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Posts: 1
Reply with quote  #1 


I was thinking of a new design for an absorber and couldn't find something similar, so I was hoping for some feedback.
What I have in mind is a mix of the standard window screen collector design but with fins intead of a screen.
sah1_2.jpg  sah2_2.jpg 

Most finned absorbers I could find have in common, that they put the fins in an angle to the sun and to the airflow.

I think it would be better to position the fins in direction with the sun as good as possible, so the light can penetrate deep into the absorber and gets trapped there.
This should increase the energy absorbtion by a few percent.
Also it souldn't be nessesary to position the fins against the airflow. For expample, if the absorber consists of 5cm high fins, placed 0,5cm apart, we have a absorber surface area of 10 times the collector area.
The air in a 1,5m² collector would have to pass 15m² of absorber surface. This should be enough for good heat transfer and reduce the air resistence caused by redirection.

The easiest way I can think of to archive this is by attaching strips of black painted aluminium foil to a frame.

But there are some downsides of the design:
   - To maximise the light penetration into the absorber, the fins have to be horizontal since the sun moves much more from east to west than up and down.
     So the airflow must go from side to side which could lead to problems due to the chimney effect.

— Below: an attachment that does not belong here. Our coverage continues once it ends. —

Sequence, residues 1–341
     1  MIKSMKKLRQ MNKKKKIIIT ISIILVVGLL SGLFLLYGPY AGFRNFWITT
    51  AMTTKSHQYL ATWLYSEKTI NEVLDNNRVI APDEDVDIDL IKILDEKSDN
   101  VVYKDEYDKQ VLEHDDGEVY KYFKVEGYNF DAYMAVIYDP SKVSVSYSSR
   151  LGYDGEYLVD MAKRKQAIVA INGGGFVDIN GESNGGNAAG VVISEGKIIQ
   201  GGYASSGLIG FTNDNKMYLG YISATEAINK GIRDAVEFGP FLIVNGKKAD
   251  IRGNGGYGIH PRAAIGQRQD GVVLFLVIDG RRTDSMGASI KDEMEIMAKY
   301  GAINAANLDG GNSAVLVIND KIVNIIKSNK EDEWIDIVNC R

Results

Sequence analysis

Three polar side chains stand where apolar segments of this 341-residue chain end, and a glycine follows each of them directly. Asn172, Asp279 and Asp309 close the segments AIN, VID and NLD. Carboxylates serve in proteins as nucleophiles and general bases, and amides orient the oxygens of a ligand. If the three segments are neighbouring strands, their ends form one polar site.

- If the aluminium foil starts to vibrate in the airflow, the material could workharden, resulting in teared strips.
   - Attaching the foil must be a lot of work for a bit higher efficiency (if the absorber is more efficient, that is)

Room for improvement:
   - Glossy paint on the Strips insteat of matte should reflect the light even deeper into the absorber.
   - Having a riffled backplate could decrease reflection of light, that isn't absorbed.
   - If there are problems with vibrations, a window screen directly behind the fins may help.

The best hight of the fins and distance between them is also a big questionmark.

So what do you think?

Rick H Parker

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Posts: 809
Reply with quote  #2 
With all other factors being equal, Angle of incidence is what determines the absorption rate. That is why pointing a collector at the sun works better then pointing it away from the sun, even know each receives the same amount of sunlight.

You would need to work out the geometry to determine if the average angle of incidence over the length of a day is closer to 90°, vs the average angle incidence of a flat plate.

Rick H Parker
Kansas, USA
Electronics Engineering Technologist

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Posts: 3,030
Reply with quote  #3 
Bear in mind that unless you invest in a tracker ($$$), your fins will only be at optimum once a day. Then there's cost. Screens are popular because they're cheap.
Solar is like the wind. It may be free, but putting it to work isn't!
Willie, Tampa Bay

Posts: 565
Reply with quote  #4 
Years ago there were discussions on this collector that used fins: 
It's passive, but you may find some info that will help.

I don't think regular aluminum foil would last very long.  Maybe the thicker Cinefoil that has been discussed here, but as mentioned making fins that way would be a lot of work for unknown effects on efficiency.  Over a long distance the foil may expand and not stay parallel or there could be noise from the foil moving in the air flow.

Kevin H


Posts: 21
Reply with quote  #5 
Fins 0.5cm apart sounds far too close. They will mainly be in shadow of each other. I have some fins on mine to increase the adsorption and create turbulence. They are widely spaced so the back plate gets the bulk of the energy.
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